5-Year Yields Break Above 2%

Earlier today, 5-year bond yields broke above 2% for the first time in 8 weeks.

Keep an eye on the chart.  A further 10-20 basis point increase might prompt certain lenders to start lifting fixed mortgage rates. 

If you’re considering a new fixed-rate mortgage or pre-approval, there has never been a better time to apply.

Bond-Yields-5-year

(Chart data courtesy of the Bank of Canada.  Please note: This is not a prediction or recommendation. Market conditions can change at any time.)

  1. Hi Guys. Looks like 2.5% is an easy target. Yields should have gone lower given the economic picture, but they didn’t. All this relative strength, plus the double bottom, seem pretty bullish….to me anyway.

  2. Hi Dave: As a former chart junkie I’m tempted to agree. Yields may also be driven up by new supply and investor rotation out of fixed income. We’ll see. All this can be derailed with a few bad economic reports.
    Hi Al: Historically the correlation between 5-year yields and 5-year fixed rates has been pretty strong. In the last 6 months it’s been much less so due to abnormal risk premiums (caused by the credit crisis). Things are slowly returning to normal however.
    Cheers,
    -rob

  3. This is very interesting and this website makes how mortgage rates are determined easy to understand.
    How the heck did our parents navigate mortgage information without the Internet! I don’t think they went to the library :)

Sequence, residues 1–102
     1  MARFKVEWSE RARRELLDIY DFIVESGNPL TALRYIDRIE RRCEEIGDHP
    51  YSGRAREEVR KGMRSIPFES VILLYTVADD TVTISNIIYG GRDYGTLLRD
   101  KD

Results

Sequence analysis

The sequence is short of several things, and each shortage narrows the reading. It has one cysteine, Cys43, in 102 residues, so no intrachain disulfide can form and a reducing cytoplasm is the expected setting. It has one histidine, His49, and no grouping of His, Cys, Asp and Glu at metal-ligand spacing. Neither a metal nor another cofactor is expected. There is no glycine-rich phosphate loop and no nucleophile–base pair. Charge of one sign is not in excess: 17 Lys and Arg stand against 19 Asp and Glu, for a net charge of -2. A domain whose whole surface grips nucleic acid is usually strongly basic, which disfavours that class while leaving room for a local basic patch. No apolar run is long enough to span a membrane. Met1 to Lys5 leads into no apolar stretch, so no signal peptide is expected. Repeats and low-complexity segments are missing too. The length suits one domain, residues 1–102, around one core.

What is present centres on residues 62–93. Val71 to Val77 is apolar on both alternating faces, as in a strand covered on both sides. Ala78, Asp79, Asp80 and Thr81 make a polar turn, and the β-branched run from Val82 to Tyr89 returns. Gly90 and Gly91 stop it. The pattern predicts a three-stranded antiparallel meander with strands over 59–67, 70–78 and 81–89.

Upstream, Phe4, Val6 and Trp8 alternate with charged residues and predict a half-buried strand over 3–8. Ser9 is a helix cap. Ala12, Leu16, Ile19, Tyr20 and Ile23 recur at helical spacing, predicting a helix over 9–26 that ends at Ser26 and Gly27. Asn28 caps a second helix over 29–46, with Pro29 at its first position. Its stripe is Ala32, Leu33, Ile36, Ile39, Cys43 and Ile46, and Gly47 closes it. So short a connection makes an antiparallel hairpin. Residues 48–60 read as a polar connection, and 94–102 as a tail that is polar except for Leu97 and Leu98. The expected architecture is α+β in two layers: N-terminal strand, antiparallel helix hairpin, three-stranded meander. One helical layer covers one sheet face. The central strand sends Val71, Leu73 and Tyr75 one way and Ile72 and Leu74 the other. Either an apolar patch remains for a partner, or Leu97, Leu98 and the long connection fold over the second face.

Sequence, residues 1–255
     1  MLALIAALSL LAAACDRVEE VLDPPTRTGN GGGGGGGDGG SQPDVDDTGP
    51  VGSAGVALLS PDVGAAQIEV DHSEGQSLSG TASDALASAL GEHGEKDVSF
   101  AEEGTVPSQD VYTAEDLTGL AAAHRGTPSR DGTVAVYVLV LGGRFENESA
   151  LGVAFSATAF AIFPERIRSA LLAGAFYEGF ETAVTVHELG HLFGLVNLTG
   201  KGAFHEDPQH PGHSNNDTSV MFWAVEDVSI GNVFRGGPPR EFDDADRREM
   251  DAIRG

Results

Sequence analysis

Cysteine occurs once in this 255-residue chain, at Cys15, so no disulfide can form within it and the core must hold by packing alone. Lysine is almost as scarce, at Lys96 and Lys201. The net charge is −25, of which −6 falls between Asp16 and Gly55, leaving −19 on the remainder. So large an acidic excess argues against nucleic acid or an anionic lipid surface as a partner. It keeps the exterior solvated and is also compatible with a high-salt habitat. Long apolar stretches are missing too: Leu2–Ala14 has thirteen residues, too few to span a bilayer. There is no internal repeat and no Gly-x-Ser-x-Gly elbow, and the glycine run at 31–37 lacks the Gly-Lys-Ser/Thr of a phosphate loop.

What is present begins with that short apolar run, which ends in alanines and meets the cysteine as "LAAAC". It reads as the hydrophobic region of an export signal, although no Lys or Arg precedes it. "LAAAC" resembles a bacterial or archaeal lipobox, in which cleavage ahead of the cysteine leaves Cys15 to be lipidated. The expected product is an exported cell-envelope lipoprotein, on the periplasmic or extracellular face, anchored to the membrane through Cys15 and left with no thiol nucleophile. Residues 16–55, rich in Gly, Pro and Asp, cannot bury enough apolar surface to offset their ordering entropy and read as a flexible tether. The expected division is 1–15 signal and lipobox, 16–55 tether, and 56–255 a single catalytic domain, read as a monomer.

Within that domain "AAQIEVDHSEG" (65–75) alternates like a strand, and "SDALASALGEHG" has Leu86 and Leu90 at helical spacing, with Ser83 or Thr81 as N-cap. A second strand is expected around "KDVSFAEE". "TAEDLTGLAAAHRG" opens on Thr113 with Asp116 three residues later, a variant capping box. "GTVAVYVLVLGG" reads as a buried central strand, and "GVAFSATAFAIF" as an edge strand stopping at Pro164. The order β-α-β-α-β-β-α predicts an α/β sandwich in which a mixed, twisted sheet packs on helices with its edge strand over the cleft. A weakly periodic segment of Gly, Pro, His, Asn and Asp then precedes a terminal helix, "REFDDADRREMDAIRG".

I thought I heard rumblings in the last few days about QE being more likely. Did I interpret correctly? I’m thinking the June statement from the BOC itentions here in Canada could chart out it’s implementation.
    I might pull the trigger now on a 3.69 5 year (next few days). It would bother me though if I could have floated at variable for now and have achieved 3.5 fixed or less in a few months. My risk in waiting is my IRD calcuation or the fixed rates going up (I can’t imagine they would but this information is making me wonder).
    Perhaps QE is more likely if these yeilds continue up those 10 – 20 basis points.

  4. @Patrick,
    You can easily model the difference you’d save if 5 yr rates went below the 3.69%.
    You can also compare this to a variable rate at 2.75% for one year, then locking in (presumably above today’s 5 yr rates) to see if its worth it.
    In my case, the difference is so negligible over 5 years, that I’m not willing to take that risk. 3.69% is already an AMAZING rate, could it go lower, yeah, will it make a huge difference with your mortgage? Possibly, but maybe not.

  5. I agree with Sampson. The decision for those on a variable with prime + is easy (ie. your example of 2.75%). Locking in makes sense because the reward doesn’t justify the risk given fixed at 3.69%.
    But I’m curious to get other’s feedback on a variable with prime -. Do people think it’s worth sitting on a prime – given the prediciton prime will stay low into 2010? Other’s thoughts?

  6. Everyones situation is different Chris. As Rob has stated time and time again, you need to do what makes sense for you given your situation, instead of trying to time the market.
    I’m sitting on my discounted variable, because of ability to tolerate risk, still having fixed payments, and my ability to make additional prepayments now at the lowest rates. But each person needs to consider their amortization period, comfort level with affordability if rates were to move up 3-5%, generally their entire financial situation!

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